Safe reunions

It was the first time Beverley Darbyshire had seen mum Brenda Dyer, seated inside, face to face since the start of lockdown.
It was the first time Beverley Darbyshire had seen mum Brenda Dyer, seated inside, face to face since the start of lockdown.

Residents began face-to-face reunions with families thanks to a Covid-safe visiting approach we introduced after three months of lockdown.

Perspex screens installed in entrance ways at all 21 of our homes enable people to see and talk to each other up close but without the risk of transmitting the virus.

The first reunion was at Canford Chase in Poole between resident Brenda Dyer and her daughter Beverley Darbyshire.

Like other families, their only means of communication after lockdown began in March was on the phone, in video calls and through emails and letters.

“The visit was brilliant,” said Beverley. “It was wonderful to talk to her on the phone and on the iPad but there’s nothing like actually being able to look into her eyes.

“I absolutely get why the screen is there. It was wonderful to see her so close and yet know that she was safe and I was safe, and neither of us were putting anyone else at risk. I was really thrilled that I was able to see her.”

Brenda said: “It was real morale boost. It makes me feel a lot more optimistic that I may be able to see more of my family over the coming months.”

Canford Chase Home Manager Charlotte Wilson said: “We’ve done amazingly well so far with social distancing, PPE, testing and controls on admissions and visits. We were delighted to be able to introduce the safe visiting solution and see our residents and relatives reconnecting. It’s heartwarming.”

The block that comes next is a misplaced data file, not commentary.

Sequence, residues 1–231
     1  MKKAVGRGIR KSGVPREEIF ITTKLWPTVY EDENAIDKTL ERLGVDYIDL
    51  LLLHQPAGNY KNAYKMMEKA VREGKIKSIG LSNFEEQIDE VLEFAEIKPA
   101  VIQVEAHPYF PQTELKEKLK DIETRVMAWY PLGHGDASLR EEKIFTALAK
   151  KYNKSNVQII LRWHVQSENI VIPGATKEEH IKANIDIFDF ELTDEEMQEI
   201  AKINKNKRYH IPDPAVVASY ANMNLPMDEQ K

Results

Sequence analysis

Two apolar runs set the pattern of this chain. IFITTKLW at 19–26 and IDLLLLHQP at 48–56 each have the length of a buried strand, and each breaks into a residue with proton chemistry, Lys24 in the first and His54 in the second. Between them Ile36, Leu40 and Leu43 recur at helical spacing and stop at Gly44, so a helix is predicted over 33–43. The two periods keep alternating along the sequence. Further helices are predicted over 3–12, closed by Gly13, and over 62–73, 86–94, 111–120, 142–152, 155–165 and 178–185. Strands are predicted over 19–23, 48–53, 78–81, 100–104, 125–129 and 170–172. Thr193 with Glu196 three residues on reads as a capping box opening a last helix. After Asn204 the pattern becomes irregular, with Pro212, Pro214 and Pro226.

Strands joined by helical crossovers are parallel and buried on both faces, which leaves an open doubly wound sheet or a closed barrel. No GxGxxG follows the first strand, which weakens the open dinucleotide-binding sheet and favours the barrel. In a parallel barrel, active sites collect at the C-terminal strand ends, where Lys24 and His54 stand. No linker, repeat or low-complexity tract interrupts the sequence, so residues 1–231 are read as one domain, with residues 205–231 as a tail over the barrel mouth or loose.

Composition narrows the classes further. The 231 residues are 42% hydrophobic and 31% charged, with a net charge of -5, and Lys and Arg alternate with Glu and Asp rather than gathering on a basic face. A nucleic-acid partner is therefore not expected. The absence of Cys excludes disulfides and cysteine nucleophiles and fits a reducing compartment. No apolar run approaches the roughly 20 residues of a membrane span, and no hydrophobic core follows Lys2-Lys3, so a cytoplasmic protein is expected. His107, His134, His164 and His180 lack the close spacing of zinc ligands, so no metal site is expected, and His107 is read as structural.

Across the 21 homes, relatives and friends book half-hour time slots for the visits so that everyone has a fair opportunity. Visitors are also guided through a full safety procedure.

There was an extra special reason to celebrate the first reunion at Amberwood House in Ferndown.

It gave resident Gladys Blythe, known as Joan, the chance to celebrate her 72nd wedding anniversary with visiting husband Peter.

Before lockdown, Peter had visited daily, with the pair also phoning each other three or four times a day.

Peter said: “This has been the longest time we have been apart since we got married in June 1948. It has been difficult, and it was so lovely to see her again.”

Eleanor Abrams, Amberwood House Home Manager, said: “It was heartbreaking that Peter’s visits had to stop because of lockdown and it was so emotional that they were able to see each other again, especially on their anniversary.

“Joan was rather nervous beforehand, she said it was like preparing for walking down the aisle again.

“For all our residents, it had been a time of excitement. Some had been a little nervous about how the visits would work but after they had seen their loved ones again they were so happy. It’s just lovely.”

Watch the video

videocameraTo watch a short film about Beverley and Brenda’s reunion visit

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